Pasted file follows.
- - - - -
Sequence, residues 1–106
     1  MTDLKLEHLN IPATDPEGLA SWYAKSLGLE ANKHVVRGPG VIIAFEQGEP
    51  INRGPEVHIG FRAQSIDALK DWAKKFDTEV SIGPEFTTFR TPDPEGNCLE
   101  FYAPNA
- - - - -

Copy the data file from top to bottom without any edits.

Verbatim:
Sequence, residues 1–106
     1  MTDLKLEHLN IPATDPEGLA SWYAKSLGLE ANKHVVRGPG VIIAFEQGEP
    51  INRGPEVHIG FRAQSIDALK DWAKKFDTEV SIGPEFTTFR TPDPEGNCLE
   101  FYAPNA